10 Good Reasons to Home-School

Whilst there are probably hundreds of reasons why people choose to home-school, these ten seem the most common good reasons why you would embark on this process.

  1. Your child has special needs – Children with Aspergers syndrome or Autism Spectrum Disorder, ADD or ADHD respond much better to one-on-one tuition. This is very difficult and costly to provide at school, but is very easy at home. Their education is less likely to suffer as a result of hearing or speech impairments or other such impediments – Mum and Dad usually can understand them perfectly! Such children often do better in a familiar environment with just one set of ‘rules’ – not one at home and one at school which we are so familiar with. Children with chronic medical conditions who spend a lot of time in hospitals often benefit from homeschooling too.
  2. Your child is not performing at the standard of other children. These deficiencies are often not caught until it is too late to do effective mediation. Practices such as repeating years at school and doing remedial classes or out of school tuition can have questionable outcomes. With Homeschooling, you can start the process from the beginning. Parents can keep a much closer record of their children’s performance, helping them to negotiate learning obstacles along the way instead of discovering their lack of knowledge well into their schooling years.
  3. Your child is being bullied at school. Whilst teaching children effective negotiating techniques is a plus, many children bear the scars of bullying well into their adult lives. Schoolyard bullying is becoming a scourge of schools and although many of them have taken pro-active steps to prevent it, it doesn’t mean much if they have cut bullying incidents by 99% if your child is the 1% they didn’t manage to prevent. Homeschooling ensures bullying is not an issue. Peer pressure is reduced and issues such as drug and alcohol abuse are more likely to be avoided or observed early enough to mitigate.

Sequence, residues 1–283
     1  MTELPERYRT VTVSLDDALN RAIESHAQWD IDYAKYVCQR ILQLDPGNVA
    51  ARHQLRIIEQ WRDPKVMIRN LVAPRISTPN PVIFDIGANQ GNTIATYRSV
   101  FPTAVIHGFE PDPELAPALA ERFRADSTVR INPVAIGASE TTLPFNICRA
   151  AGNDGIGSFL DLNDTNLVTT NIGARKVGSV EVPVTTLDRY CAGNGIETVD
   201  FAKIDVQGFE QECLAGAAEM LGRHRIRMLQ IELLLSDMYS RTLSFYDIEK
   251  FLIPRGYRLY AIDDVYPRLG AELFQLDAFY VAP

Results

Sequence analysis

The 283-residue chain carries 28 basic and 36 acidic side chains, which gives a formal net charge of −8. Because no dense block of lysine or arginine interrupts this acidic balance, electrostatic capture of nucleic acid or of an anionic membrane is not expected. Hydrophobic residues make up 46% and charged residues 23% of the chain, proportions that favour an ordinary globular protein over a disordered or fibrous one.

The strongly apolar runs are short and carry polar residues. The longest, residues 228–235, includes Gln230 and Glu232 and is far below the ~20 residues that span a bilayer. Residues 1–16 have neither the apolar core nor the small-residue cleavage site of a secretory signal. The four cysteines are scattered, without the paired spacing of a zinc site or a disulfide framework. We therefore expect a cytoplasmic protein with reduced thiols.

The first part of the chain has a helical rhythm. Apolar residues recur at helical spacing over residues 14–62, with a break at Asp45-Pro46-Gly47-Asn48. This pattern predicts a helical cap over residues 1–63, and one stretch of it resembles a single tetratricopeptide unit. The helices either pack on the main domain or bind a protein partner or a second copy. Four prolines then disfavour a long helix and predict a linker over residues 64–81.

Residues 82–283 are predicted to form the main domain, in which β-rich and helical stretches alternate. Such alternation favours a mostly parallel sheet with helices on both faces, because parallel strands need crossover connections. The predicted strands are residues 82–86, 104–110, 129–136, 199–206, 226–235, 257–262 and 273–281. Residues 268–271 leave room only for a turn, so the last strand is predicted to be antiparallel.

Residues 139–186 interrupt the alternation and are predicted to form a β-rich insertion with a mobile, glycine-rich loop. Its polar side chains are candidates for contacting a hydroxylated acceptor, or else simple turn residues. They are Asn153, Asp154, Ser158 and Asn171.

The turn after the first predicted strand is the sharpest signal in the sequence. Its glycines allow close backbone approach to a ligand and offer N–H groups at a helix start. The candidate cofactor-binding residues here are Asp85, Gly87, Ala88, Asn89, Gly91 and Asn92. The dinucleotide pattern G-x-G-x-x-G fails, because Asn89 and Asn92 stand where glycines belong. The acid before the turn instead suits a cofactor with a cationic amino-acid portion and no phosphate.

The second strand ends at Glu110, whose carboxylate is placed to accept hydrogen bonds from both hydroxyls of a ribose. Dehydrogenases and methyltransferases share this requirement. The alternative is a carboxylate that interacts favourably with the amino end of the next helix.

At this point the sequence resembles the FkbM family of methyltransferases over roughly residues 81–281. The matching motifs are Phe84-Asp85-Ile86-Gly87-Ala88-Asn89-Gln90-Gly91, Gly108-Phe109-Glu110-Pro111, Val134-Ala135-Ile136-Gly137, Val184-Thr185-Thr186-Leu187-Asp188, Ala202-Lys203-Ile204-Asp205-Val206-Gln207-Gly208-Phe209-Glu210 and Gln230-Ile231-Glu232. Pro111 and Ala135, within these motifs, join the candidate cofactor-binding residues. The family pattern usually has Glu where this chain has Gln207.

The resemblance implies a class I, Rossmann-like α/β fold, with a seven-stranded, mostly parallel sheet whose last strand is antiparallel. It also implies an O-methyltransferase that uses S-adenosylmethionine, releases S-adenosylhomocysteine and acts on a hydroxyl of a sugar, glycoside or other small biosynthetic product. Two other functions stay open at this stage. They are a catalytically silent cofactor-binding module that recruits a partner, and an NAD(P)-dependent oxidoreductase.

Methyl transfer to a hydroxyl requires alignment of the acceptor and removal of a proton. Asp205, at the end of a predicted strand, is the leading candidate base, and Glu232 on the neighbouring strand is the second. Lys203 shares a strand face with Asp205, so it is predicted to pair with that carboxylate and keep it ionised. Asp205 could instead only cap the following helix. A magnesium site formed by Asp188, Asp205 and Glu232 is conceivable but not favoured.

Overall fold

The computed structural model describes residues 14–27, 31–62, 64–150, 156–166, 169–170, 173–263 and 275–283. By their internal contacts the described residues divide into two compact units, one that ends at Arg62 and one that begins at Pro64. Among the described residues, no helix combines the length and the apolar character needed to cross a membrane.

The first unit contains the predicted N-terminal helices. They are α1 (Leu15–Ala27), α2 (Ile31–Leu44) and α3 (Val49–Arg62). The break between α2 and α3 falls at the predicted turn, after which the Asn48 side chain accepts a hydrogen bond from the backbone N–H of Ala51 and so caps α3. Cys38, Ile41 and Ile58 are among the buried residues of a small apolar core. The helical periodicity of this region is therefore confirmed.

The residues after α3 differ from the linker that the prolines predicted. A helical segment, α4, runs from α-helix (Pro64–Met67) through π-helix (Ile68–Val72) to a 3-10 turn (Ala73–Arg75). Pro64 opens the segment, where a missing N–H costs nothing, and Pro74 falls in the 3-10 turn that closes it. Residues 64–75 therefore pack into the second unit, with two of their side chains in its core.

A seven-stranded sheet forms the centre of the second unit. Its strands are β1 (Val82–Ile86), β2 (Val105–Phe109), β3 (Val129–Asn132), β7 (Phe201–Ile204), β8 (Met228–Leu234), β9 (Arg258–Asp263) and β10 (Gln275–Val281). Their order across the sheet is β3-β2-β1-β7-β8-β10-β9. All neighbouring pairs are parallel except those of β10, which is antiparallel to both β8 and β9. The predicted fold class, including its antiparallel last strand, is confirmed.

4. Lack of choice. Many parents choose to homeschool because they have limited alternatives. In many places, they have only the choice of one school which may be unacceptable for many reasons: it may be too small or too big, not have enough resources, be a boarding school, have a ‘reputation’, etc. At the end of the day, only parents and the children themselves will answer for their standard of education or lack thereof. In homeschooling many parents feel they are empowering themselves and their children by providing a better quality of education than that on offer in their particular circumstances.